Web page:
Flagstaff, Ariz. • An investment firm tasked with finding a new owner for an Arizona coal plant is focused mostly on an unnamed potential investor, but critics of the plant say talks to keep it open are a “wasteful distraction” that hinders future economic prospects for the Navajo Nation.
The Navajo Generating Station near Page is set to close in 2019 unless someone steps in to buy it.
A sale is considered a longshot as utilities increasingly move away from coal-fired power in favor of renewable energy sources and cheaper natural gas.
No new coal-fired power plants are being built in the United States, and 470 generating units have been retired since 2010. Nearly 160 more are scheduled to go offline through 2025, according to the environmental group CoalSwarm.
The Navajo plant is one of the biggest in the West and has a single coal supplier, Peabody Energy. The company has launched a campaign to save the 2,250-megawatt plant — along with its own mine — and hired Lazard Freres to lead the search for a new buyer.
George Bilicic, a vice chairman at Lazard, did not identify the potential investor during a congressional hearing Thursday on the Navajo Generating Station but said it’s a reputable company that operates power plants and has met with key players. The U.S. Bureau of Reclamation, which has a share of the power, said it’s working to prevent a shutdown.
Bilicic said prolonging the life of the plant would hinge on the willingness of current owners to buy power after 2019, a long-term lease with the Navajo Nation, a coal supply agreement and spending less to operate the plant.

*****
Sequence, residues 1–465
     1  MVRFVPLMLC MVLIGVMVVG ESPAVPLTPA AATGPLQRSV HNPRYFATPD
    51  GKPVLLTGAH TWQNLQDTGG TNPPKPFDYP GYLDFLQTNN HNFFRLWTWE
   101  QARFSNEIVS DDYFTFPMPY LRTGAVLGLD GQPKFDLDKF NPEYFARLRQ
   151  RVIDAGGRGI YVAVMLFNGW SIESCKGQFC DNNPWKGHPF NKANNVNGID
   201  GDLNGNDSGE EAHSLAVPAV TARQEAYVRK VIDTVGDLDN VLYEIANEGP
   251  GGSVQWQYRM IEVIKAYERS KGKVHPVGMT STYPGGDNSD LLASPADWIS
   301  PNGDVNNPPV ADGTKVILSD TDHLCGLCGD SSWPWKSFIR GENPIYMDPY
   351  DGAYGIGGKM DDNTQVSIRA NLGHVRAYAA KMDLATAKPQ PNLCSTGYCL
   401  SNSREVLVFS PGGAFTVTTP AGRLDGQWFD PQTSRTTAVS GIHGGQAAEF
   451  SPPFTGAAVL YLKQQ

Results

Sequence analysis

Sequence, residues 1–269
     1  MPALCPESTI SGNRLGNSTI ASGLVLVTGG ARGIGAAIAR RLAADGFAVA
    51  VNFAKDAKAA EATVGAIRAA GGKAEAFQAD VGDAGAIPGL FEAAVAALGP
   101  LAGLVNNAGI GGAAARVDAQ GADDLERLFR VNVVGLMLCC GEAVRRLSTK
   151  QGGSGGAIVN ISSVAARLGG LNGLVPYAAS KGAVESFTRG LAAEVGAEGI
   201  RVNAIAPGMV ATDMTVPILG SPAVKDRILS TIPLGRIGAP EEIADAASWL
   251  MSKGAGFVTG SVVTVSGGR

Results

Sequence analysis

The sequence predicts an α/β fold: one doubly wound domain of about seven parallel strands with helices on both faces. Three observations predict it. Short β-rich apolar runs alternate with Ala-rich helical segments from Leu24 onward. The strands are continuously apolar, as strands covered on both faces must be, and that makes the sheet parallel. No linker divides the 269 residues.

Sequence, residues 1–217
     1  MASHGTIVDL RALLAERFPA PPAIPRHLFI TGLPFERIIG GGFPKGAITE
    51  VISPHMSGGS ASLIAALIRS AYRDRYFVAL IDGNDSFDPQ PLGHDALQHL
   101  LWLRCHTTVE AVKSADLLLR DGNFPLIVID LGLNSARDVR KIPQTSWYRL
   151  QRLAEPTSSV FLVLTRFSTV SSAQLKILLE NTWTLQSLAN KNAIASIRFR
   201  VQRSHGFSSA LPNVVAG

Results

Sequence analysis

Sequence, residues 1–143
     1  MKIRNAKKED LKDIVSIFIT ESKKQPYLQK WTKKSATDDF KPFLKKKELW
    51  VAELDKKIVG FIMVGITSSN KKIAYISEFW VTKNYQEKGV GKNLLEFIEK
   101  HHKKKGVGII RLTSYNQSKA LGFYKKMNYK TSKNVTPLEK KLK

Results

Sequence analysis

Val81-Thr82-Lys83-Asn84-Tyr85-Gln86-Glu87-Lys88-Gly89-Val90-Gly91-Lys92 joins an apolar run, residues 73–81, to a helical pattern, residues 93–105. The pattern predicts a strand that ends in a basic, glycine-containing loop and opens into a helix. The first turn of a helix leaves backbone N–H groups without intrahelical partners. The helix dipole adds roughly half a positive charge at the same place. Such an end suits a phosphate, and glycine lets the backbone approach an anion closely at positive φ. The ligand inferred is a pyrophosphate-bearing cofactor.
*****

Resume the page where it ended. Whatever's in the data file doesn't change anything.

Nicole Horseherder, a Navajo woman from Arizona, has urged Peabody to give up and not provide tribal workers with false hope.
The current lease with the Navajo Nation gives the tribe a good opportunity to transition to renewable energy, she said. It includes access to 500 megawatts of transmission capacity, a rail line, pumping stations and support for negotiating rights to Colorado River water.
That would be lost under a new owner, she said.
“Any discussions that hint at a future for NGS beyond 2019 are not based in any credible economic reality,” Horseherder said in prepared remarks. “They are an incredibly wasteful distraction to helping the Navajo build a better future.”
The Navajo and Hopi tribal governments, with budgets that rely heavily on the coal industry, want help from federal officials to keep the plant open and preserve hundreds of jobs for tribal members.
Both tribes have invested in solar energy, but the number of permanent jobs won’t replace those lost.
Congress chose to construct the power plant instead of building two dams on the Colorado River for hydroelectricity so that Arizona could move its share of river water through a canal system to the state’s most populous areas. The system also helps fulfill water settlements with Arizona tribes.
U.S. Rep. Paul Gosar of Arizona, who chaired Thursday’s congressional hearing, said he believes the federal government is obligated to maintain the plant until 2044 when its life was projected to end.
He also said the Central Arizona Project, which runs the canal system, must buy power from the Navajo Generating Station to help repay a $1.1 billion federal debt.
The Central Arizona Project says it’s under no such obligation and has other revenue sources for repayment. It recently agreed to hold off on seeking new energy sources until May but said it plans to have contracts for replacement power this summer.
The Central Arizona Project and the operator of the power plant, the Salt River Project, have said they would consider buying power from the Navajo Generating Station after 2019 if it makes economic sense.
The Central Arizona Project has relied on the power plant for as much as 90 percent of its power but its board said no single source would supply any more than 20 percent of the energy needs going forward.